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Sunday, January 15, 2017

A semantic case for Trump's illegitimacy

legitimateadjective |ləˈjidəmətconforming to the law or to rules: his claims to legitimate authority.• able to be defended with logic or justification: a legitimate excuse for being late.• (of a child) born of parents lawfully married to each other.• (of a sovereign) having a title based on strict hereditary right: the last legitimate Anglo-Saxon king.• constituting or relating to serious drama as distinct from musical comedy, revue, etc.: the legitimate theater.verb |ləˈjidəmāt[with objectmake legitimate; justify or make lawful: the regime was not legitimated by popular support.
illegitimacy |ˈˌi(l)ləˈjidəməsēnounthe state of not being in accordance with accepted standards or rules; lack of authorization by the law: she talks with anger about the illegitimacy of the election.Online source:  New Oxford American Dictionary
On NBC’s “Meet the Press”  Friday, Rep. John Lewis, D-Ga, said he did not regard Trump to be “a legitimate president” because of allegations that Russian agents interfered in the election to Trump's advantage.  Russia's role in the election has been stated with certainty on the part of the the U.S. intelligence agencies,  and the Senate Intelligence Committee has undertaken an investigation into the matter.  Democrats think Russia's hacking ought to be investigated by a special, nonpartisan commission.
As for meeting the Constitutional requirements to be president,  only three are specified: 

  • be 35 years old 
  • be a "natural born" citizen of the U.S., meaning that at least one parent be a U.S. citizen.
  • have lived in the U.S. for 14 years.  

    Trump's behavior is often in conflict with the Constitutional standards, as specified in the preamble to "form a more perfect Union, establish Justice, insure domestic Tranquility, provide for the common defence, promote the general Welfare, and secure the Blessings of Liberty."   Those objectives stated as standards of conduct, according to Constitution scholars, form the basis for other charges that could result in impeachment:
    • Behaving in a Manner Grossly Incompatible with the Proper Function and Purpose of the Office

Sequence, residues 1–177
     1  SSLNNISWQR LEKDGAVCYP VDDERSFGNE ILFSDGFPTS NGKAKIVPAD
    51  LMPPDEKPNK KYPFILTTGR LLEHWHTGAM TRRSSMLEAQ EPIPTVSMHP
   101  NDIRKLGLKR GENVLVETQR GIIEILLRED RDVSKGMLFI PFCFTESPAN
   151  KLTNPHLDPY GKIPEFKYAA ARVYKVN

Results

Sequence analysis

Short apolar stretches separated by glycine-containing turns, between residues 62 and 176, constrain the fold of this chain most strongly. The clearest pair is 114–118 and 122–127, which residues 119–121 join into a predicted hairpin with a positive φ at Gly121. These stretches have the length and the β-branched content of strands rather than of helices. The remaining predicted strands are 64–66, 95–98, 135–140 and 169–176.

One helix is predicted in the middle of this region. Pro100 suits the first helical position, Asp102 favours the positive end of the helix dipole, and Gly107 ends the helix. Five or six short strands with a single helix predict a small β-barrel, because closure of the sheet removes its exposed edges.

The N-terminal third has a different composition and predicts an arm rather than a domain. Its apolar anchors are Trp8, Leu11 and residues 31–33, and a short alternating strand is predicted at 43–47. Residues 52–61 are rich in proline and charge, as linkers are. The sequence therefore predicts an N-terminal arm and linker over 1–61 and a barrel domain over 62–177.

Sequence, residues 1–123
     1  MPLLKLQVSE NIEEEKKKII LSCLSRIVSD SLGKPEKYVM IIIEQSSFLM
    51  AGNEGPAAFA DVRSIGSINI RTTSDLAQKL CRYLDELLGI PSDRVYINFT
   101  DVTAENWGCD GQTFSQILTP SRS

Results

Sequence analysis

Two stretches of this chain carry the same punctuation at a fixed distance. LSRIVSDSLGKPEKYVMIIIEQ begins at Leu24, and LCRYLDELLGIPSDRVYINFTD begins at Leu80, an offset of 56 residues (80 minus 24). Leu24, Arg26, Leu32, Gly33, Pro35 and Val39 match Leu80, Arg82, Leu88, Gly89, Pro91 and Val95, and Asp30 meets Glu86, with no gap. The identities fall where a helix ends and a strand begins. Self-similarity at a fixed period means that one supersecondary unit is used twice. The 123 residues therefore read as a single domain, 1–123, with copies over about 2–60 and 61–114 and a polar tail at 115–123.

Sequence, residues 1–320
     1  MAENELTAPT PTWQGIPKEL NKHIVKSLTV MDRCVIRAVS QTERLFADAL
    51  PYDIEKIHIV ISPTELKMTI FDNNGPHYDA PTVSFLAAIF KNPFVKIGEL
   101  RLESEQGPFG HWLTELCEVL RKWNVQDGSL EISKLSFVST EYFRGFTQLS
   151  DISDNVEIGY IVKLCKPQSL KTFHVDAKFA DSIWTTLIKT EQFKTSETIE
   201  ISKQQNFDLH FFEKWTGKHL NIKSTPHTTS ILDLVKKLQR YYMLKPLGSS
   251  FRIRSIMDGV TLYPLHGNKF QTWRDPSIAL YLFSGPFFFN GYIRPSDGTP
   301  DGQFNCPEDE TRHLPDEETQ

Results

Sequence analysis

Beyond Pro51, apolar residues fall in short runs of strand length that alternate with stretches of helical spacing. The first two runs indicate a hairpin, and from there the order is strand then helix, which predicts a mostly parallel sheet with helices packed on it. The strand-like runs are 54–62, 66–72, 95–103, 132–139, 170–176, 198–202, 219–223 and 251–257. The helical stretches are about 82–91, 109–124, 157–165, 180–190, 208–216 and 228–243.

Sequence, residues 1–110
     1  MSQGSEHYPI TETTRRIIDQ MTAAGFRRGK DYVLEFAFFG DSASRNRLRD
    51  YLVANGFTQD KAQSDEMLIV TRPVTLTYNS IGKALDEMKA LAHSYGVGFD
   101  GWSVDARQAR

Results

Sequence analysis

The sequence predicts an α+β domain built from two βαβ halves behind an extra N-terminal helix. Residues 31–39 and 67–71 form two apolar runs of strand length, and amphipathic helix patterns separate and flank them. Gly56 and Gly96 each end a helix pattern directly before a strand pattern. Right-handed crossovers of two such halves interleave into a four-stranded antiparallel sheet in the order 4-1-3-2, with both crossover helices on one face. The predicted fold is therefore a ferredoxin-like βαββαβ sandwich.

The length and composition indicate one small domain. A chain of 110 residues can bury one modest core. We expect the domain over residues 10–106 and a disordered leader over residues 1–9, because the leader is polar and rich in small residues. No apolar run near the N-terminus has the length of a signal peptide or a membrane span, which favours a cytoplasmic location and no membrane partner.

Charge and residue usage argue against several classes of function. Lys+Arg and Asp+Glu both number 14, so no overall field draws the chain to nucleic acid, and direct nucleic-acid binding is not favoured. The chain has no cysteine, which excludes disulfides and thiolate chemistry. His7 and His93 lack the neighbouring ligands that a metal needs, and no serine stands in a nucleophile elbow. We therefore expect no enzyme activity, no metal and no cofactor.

• Employing the Power of the Office for an Improper Purpose or Personal Gain
    Some scholars have said that Trump will be in violation of the Constitution as soon as he takes the oath of office.  While Trump and his "team" claim that Trump's behavior and business interests in no way violate the Constitution,  many experts who have researched and studied what it means to uphold the Constitution make the case that that presidential standards and practices are clearly stated throughout the document and explained in Constitutional case law.  

    However, in addition to the allegations of Russian hacking, matters of GOP voter suppression have been raised and have entered the federal courts.

    Beyond the legal technicalities are what it means to be a legitimate presidency according to the definitions of the word.  The first definition is "conforming to the law or to rules." In his business practices,  in his campaign and debate performances, and in his daily outbursts of derangement on Twitter,  Trump has broken laws and takes pride in flouting the rules that generally govern presidential conduct.  While politicians are exempted in their campaigns from obeying the laws of defamation and slander,  Trump consistently employs defamation and slander against people and breaks the laws against defamation as stated in all 50 states.  His flouting of the basic standards of decency are why so many people in both parties consider him unfit and disqualified from office.  Rep. Lewis merely restates the case that Trump has raised against himself.

    The second definition of "legitimate" is "able to be defended with logic or justification."  Trump's candidacy and election defy the standards of logic and justification.  No logical reasoning or moral justification can support his presidency.  The absence of any semblance of logic and justice in a large segment of people who have been brainwashed into thinking that their lot will be improved by serf-like submission to corporate tyranny is what is so remarkable about the election.  They have given up on the idea of democracy and self-determination and self-government as something they wish to exercise.  While during the confirmation process,  there is much prattle about representing freedom and democracy to the world,  the blunt fact is that 46.1 percent of the voters,  whether knowingly or unknowingly,  renounced the democratic values in the voting booth last November.  In their assertion to change the political climate,  they chose to refute those standards stated in the Preamble and affirmed in the U.S. history of striving to reach those standards.  

    And then there is the definition of "illegitimacy": the state of not being in accordance with accepted standards or rules; lack of authorization by the law.  Again,  Trump takes pride and pleasure in flouting the accepted standards and rules of conduct.  And while the law does not prescribe courteous and reasonable conduct,  it does not authorize the kind of juvenile disobedience to decency and propriety constantly displayed by Trump.  

    Rep. Lewis' statement that Trump is not a "legitimate president" is born out by both state Constitutional standards and the established definitions of what it means to be legitimate.  The question is whether the 51.8 percent of those who voted for someone else wants to do  anything about a man who is not a legitimate president.  

    1 comment:

    Porter Lansing said...

    "Ask not what your country can do for you. Ask what your country can do for me." - TRUMP

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    Aberdeen, South Dakota, United States